The work items T0, T1 and T2 may be placed on a timeline 635 representing elapsed time since the start of the project. Work item T1 is the first work item and has no dependencies, so the first point 610 a is located at the beginning of day 1. This is because the beginning of day 1 is the earliest possible start of T1. The facility determines the location of the second 615 a, third 620 a, fourth 625 a and fifth 630 a data points for T1 in accordance with values predicted by a statistical model. In some embodiments, the statistical model used by the facility is a normal distribution. Beginning with the third data point 620 a, which can be shown by a capital “E” to represent the expected finish, it is located at the midpoint of the remaining work range for T1. This is because the midpoint of the remaining work range for T1 is the mean of a normal distribution. For T1, the remaining work range 605 a is “2-8d,” the midpoint of which is 5d, and thus the third data point 620 a is placed at the end of day 5. The expected finish date calculated by the facility is what is shown in the “expected on” column 415 f discussed with reference to FIG. 4. In some embodiments, the facility can use distributions other than the normal distribution to calculate the locations of the various data points. For example, the facility can use a beta distribution or a log-normal distribution to calculate the locations of the various data points. The facility can also use distributions that do not resemble a standard bell curve, are bi-modal instead of uni-modal and/or have other characteristics. The facility can also use different distributions for different work items. For example, the facility can use the normal distribution for one work item and the beta distribution for another work item. The facility can use points other than the midpoint of the remaining work range to calculate the expected finish, such as any point in the remaining work range or even points outside of the remaining work range, depending on various factors. The facility can also use other characteristics of the distribution used, such as the median or the mode, to calculate the expected finish. The facility can also learn from its users to adjust the distribution used to better reflect how its users perform tasks. For example, a user may repeatedly specify that a particular task has a remaining work range of four to eight days. However, the user may repeatedly require seven days to complete the task. In that case, the facility may adjust the normal distribution for that user and/or for that particular task in order to calculate an expected finish date and other dates that better reflect how the user actually completes the task.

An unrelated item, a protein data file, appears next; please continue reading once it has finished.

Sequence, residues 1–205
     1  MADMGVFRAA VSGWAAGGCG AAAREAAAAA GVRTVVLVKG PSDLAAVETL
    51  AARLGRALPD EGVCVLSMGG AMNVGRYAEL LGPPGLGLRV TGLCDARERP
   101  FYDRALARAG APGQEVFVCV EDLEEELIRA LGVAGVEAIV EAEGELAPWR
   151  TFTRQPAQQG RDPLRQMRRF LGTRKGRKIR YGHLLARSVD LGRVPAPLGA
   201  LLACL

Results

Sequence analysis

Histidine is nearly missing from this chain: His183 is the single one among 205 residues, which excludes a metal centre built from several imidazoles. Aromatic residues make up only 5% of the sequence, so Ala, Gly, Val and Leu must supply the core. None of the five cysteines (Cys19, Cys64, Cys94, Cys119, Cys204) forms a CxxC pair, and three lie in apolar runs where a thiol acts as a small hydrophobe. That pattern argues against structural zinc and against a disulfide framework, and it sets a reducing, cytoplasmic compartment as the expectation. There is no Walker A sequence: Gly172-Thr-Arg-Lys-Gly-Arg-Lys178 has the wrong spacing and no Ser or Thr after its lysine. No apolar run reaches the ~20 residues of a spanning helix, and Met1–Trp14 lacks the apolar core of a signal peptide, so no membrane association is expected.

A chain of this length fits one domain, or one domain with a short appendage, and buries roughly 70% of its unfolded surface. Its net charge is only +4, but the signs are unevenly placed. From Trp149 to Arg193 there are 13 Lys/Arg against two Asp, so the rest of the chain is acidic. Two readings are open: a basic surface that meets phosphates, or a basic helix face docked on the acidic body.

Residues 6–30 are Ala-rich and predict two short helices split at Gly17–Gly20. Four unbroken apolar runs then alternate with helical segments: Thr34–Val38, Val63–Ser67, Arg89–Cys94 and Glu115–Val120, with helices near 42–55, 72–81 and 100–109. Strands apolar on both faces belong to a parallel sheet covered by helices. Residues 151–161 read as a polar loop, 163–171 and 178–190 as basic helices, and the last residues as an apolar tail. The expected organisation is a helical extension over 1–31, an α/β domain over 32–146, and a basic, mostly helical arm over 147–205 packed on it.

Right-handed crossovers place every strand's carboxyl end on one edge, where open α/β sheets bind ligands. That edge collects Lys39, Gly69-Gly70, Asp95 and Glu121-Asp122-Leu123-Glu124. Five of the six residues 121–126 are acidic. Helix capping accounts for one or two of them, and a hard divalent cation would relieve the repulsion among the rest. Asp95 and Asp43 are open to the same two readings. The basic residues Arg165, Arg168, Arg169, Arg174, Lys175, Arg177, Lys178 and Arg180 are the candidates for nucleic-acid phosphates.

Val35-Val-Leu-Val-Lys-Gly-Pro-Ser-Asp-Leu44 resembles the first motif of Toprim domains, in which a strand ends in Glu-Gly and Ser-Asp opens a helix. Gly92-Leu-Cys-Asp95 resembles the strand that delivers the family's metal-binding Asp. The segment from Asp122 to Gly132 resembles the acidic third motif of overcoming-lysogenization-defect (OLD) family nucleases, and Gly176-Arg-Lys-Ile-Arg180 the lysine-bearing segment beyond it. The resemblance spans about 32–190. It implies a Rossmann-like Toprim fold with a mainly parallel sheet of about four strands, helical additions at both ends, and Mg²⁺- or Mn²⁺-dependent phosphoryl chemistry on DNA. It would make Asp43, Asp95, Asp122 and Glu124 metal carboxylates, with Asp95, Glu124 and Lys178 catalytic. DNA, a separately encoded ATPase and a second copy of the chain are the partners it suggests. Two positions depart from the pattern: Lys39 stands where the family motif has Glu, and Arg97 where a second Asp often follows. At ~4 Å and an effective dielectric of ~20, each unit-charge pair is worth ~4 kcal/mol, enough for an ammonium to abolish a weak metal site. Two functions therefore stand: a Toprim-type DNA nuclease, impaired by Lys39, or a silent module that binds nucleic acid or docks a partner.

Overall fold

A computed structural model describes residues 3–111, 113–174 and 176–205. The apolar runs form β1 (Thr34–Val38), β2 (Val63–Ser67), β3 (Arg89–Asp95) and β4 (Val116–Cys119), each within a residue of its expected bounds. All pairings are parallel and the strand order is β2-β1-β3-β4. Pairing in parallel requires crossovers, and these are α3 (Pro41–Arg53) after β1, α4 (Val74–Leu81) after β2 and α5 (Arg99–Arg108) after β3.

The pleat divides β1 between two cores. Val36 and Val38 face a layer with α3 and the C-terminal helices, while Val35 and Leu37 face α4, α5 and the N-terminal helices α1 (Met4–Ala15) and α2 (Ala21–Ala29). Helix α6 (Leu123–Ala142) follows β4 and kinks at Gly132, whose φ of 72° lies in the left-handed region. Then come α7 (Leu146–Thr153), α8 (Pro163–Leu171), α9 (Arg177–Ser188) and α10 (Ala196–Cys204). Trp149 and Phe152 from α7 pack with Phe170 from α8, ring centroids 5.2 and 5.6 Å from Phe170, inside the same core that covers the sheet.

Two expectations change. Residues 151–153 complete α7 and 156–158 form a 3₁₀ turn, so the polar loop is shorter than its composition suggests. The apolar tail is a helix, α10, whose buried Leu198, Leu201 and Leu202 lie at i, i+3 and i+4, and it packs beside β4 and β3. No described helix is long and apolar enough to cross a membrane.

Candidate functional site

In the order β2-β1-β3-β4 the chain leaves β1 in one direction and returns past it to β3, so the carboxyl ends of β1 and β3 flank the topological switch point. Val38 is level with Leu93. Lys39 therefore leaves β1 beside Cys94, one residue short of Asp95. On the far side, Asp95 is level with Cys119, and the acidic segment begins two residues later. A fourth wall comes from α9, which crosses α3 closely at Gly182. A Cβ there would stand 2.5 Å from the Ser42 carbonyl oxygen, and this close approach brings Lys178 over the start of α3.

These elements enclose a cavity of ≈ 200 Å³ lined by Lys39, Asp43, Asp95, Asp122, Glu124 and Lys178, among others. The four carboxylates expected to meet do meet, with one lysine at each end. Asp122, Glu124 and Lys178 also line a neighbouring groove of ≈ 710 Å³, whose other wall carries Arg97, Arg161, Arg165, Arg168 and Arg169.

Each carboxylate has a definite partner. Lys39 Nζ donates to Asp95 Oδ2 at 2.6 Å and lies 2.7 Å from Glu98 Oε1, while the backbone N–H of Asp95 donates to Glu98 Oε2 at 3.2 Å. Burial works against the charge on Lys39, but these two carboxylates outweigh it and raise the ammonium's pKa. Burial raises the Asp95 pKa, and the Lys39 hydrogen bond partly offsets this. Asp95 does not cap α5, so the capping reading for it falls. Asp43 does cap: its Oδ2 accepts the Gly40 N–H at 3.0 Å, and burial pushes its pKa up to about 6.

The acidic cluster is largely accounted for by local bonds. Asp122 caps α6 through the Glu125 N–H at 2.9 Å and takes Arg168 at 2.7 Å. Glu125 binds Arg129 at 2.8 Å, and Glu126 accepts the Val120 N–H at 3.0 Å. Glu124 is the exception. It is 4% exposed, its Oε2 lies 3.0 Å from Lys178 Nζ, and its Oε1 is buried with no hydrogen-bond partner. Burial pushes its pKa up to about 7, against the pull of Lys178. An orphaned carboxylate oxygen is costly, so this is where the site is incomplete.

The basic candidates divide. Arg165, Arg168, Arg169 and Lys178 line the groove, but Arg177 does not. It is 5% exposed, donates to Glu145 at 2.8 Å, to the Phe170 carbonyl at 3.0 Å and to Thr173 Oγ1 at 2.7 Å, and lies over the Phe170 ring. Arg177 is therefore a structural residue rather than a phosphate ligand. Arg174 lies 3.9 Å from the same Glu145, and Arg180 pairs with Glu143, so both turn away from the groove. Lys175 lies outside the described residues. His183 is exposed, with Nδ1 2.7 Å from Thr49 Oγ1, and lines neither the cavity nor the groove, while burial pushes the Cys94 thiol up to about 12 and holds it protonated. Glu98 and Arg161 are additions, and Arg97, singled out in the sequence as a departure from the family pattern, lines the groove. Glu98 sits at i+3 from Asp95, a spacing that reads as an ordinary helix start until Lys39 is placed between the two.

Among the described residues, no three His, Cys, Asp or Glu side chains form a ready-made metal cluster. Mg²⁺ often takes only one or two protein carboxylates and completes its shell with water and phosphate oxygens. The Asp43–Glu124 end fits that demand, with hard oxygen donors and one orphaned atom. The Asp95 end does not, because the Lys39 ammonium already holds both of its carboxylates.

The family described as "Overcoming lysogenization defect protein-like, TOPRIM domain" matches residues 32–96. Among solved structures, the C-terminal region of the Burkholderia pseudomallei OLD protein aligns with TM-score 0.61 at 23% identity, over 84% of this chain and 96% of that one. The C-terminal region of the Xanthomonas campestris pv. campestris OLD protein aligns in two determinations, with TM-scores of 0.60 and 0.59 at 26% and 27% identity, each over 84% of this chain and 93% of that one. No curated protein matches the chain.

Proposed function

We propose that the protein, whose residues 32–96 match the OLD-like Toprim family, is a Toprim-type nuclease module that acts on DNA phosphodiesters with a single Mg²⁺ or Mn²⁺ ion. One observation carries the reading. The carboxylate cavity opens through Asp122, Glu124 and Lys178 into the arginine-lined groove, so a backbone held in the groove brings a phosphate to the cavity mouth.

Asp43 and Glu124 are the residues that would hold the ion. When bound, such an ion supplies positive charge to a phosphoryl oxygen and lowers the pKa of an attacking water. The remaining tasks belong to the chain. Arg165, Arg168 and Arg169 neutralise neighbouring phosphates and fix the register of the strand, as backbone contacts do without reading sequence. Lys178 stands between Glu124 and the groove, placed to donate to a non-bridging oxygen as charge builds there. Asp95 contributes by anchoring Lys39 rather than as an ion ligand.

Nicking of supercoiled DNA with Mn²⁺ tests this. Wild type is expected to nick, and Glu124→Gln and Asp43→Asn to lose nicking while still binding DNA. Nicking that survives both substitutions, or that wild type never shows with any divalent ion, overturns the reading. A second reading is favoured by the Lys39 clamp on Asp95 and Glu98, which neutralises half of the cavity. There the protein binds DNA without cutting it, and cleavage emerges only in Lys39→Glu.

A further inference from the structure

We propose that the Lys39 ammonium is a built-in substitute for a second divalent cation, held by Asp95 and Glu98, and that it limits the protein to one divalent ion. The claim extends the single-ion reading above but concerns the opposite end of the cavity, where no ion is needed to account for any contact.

The facility calculates the locations of the second 615 a and fourth 625 a data points for T1 according to the following method. First, a desired confidence level is determined for T1. A confidence level, or confidence interval, represents the likelihood or probability that a particular work item will be completed during the period of time between the earliest expected finish date and the latest expected finish date. In some embodiments, the facility uses an 80% confidence level, which corresponds to 1.3 standard deviations from the mean of the normal distribution. An 80% confidence level thus represents an 80% likelihood or probability that a particular work item will be completed during the time period represented by 1.3 standard deviations on either side of the mean. Other confidence levels may be selected depending on the requirements of the facility operator or the user.